Mortgage rates down slightly but not much for homebuyers

Adjustable-rate mortgages offer 'upfront monthly cost savings,' one economist says

Mortgage rates dropped slightly last week, but volatility still remains as the market reacts to ongoing economic uncertainty, Freddie Mac said. (iStock)

Rates for the 30-year mortgage dropped slightly last week but not enough to give homebuyers much of a break from high borrowing costs, Freddie Mac said. 

The average rate for a 30-year fixed-rate mortgage dropped to 6.66% for the week ending Oct. 6, according to Freddie Mac's Primary Mortgage Market Survey. This is a decrease from the previous week when it averaged 6.70% but still significantly higher than last year when it was 2.99%.

Rate movements for other loan lengths were mixed last week. The 15-year mortgage rate decreased to 5.90%, down from 5.96% the week before and 2.23% last year. The five-year Treasury-indexed hybrid adjustable-rate mortgage (ARM) increased to 5.36%, up from 5.30% the week before and 2.52% last year.  

"Mortgage rates decreased slightly this week due to ongoing economic uncertainty," Sam Khater, Freddie Mac's chief economist, said. "However, rates remain quite high compared to just one year ago, meaning housing continues to be more expensive for potential homebuyers." 

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High mortgage rates not triggering a big drop in home prices

The surge in mortgage rates, combined with already high home prices, has cut into homebuyers' budgets, a recent Redfin report said.

In theory, higher rates could trigger a decline in home prices as affordability lessens, to make up for the additional monthly interest costs borrowers have to pay, Redfin said. But that hasn't been the case. While home prices have cooled from their 2022 peak in many cities, they continue to register above 2021 levels, according to the report. 

"Soaring mortgage rates are throwing a wrench into prospective buyers' plans," Redfin Senior Economist Sheharyar Bokhari said. "Many would-be buyers are dropping out of the market because they can no longer afford the home they want, resulting in a dramatic dip in home sales. 

"For buyers who need a home right now – and can still afford it – compromise is the name of the game," Bokhari said. "Some buyers will choose to sacrifice on location or move further away from the city center so they can get the space they want, while others will settle on a smaller home in their ideal location."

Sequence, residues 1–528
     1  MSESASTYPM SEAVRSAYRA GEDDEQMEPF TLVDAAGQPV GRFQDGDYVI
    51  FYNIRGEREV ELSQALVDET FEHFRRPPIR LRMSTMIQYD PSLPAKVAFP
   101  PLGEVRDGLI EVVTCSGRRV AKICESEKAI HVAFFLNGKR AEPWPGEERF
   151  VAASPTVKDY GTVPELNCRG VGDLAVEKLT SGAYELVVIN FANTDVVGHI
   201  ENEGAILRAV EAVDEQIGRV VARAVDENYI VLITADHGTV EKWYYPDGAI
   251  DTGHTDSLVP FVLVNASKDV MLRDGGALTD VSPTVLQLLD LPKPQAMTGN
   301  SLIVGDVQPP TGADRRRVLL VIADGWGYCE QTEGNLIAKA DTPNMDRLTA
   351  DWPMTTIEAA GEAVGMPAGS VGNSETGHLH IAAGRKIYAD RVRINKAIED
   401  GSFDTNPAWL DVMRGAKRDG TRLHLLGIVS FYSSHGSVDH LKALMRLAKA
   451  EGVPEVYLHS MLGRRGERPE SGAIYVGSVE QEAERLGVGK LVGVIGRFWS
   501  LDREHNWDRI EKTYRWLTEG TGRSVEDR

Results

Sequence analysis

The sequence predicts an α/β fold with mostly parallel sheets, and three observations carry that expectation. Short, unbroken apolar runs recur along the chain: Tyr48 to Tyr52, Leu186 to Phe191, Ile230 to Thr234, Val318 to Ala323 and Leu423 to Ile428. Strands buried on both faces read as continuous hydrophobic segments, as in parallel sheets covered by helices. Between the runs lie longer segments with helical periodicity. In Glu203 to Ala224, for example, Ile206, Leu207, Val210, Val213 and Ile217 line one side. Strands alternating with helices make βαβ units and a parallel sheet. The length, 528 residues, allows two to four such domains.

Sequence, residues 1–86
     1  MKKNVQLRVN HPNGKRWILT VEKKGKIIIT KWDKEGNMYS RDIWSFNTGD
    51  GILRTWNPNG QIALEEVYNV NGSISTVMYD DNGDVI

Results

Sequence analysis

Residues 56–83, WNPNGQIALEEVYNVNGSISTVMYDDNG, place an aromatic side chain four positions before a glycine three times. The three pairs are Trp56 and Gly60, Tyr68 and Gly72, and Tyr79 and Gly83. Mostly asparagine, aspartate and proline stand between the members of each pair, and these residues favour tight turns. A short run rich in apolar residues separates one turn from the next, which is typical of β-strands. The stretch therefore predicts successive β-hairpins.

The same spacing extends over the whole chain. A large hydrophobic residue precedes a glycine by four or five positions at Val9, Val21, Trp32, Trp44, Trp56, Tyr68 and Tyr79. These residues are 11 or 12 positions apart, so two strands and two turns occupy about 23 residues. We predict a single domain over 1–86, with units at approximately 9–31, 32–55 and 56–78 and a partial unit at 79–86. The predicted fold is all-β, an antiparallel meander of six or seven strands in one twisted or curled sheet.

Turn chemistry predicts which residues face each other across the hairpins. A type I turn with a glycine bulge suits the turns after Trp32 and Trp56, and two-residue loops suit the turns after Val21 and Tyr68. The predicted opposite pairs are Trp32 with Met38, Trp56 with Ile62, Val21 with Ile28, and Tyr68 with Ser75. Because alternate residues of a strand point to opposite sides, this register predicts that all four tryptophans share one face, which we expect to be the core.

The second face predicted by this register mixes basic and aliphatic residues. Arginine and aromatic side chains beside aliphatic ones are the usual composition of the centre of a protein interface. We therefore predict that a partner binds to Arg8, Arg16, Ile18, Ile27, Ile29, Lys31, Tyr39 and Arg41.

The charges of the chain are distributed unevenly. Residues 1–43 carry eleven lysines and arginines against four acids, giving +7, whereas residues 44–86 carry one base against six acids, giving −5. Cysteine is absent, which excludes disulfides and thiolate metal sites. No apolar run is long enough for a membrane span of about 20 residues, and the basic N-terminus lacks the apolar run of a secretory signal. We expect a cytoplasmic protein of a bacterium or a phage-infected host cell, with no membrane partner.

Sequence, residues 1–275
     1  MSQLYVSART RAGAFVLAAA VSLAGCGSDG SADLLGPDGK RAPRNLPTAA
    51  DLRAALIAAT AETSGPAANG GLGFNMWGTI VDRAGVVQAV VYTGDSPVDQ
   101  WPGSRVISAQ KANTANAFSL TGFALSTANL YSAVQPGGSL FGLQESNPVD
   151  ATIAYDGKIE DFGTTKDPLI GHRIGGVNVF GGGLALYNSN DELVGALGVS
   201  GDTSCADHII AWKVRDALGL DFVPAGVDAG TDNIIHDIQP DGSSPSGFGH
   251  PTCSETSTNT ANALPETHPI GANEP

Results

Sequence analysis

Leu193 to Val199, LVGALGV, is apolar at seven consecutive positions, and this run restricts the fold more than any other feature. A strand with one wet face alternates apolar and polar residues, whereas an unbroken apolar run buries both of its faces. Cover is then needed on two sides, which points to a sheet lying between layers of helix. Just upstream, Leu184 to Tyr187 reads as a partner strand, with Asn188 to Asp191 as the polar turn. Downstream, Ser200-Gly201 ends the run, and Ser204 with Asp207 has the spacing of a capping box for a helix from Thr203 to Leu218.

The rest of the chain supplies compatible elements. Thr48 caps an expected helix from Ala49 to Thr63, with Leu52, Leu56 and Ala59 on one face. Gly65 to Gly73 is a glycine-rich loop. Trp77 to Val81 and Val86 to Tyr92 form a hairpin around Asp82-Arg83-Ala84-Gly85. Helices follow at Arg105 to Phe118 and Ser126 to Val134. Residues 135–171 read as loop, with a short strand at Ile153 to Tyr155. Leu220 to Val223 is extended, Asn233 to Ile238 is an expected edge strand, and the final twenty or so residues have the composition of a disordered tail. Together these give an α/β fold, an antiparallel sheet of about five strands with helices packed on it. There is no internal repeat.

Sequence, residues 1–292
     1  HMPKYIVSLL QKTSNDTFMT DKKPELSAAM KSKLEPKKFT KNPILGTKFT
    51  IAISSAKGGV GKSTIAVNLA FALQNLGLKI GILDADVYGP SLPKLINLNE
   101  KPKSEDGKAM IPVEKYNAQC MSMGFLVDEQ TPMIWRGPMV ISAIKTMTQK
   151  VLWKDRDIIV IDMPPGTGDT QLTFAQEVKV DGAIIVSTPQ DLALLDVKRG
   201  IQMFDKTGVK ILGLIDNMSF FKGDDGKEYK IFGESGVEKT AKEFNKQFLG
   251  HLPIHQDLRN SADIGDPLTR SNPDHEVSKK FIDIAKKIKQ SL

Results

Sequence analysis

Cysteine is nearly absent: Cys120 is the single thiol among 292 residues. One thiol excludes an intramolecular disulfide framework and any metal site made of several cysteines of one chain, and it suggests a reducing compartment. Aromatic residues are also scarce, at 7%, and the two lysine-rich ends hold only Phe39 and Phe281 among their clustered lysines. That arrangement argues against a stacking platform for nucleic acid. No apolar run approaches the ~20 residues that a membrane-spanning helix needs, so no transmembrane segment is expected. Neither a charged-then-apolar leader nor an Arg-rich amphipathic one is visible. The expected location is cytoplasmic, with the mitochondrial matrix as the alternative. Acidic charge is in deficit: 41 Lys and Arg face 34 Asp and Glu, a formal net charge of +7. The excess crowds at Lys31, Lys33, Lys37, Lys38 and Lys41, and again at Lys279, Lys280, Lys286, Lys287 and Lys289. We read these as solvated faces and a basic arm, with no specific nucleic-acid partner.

If you think you're ready to shop around for a mortgage loan, you can use the Credible marketplace to help you easily compare interest rates from multiple mortgage lenders in minutes.


Borrowers can find savings in adjustable-rate mortgages, economist says

Homebuyers looking to buy in the current market seem to have more choices in terms of inventory. Overall, housing supply – including both new and old listings – increased 29% from the same time last year but is still off 2019 levels by more than 40%, according to

"Today's home shoppers have more choices, but for many, the increased cost of financing and higher home prices mean fewer affordable options," Danielle Hale,'s chief economist, said in a statement. "As challenging as it may be to set and stick to a budget in this environment of rising prices and rates, it's more important than ever to do so." 

Hale said that homebuyers are turning to adjustable-rate mortgages (ARM) as one way to stay on budget. 

"With the spread in rates between the two products larger than has been typical over the last 17 years, the upfront monthly cost savings of leveraging this type of financing have never been larger," Hale said. "Whether an adjustable-rate mortgage will be the better option over the life of the loan is harder to determine and can depend on factors specific to each homebuyer's situation."

If you want to take advantage of the current mortgage rates, you can visit Credible to compare different rates and lenders and find the right option for you.


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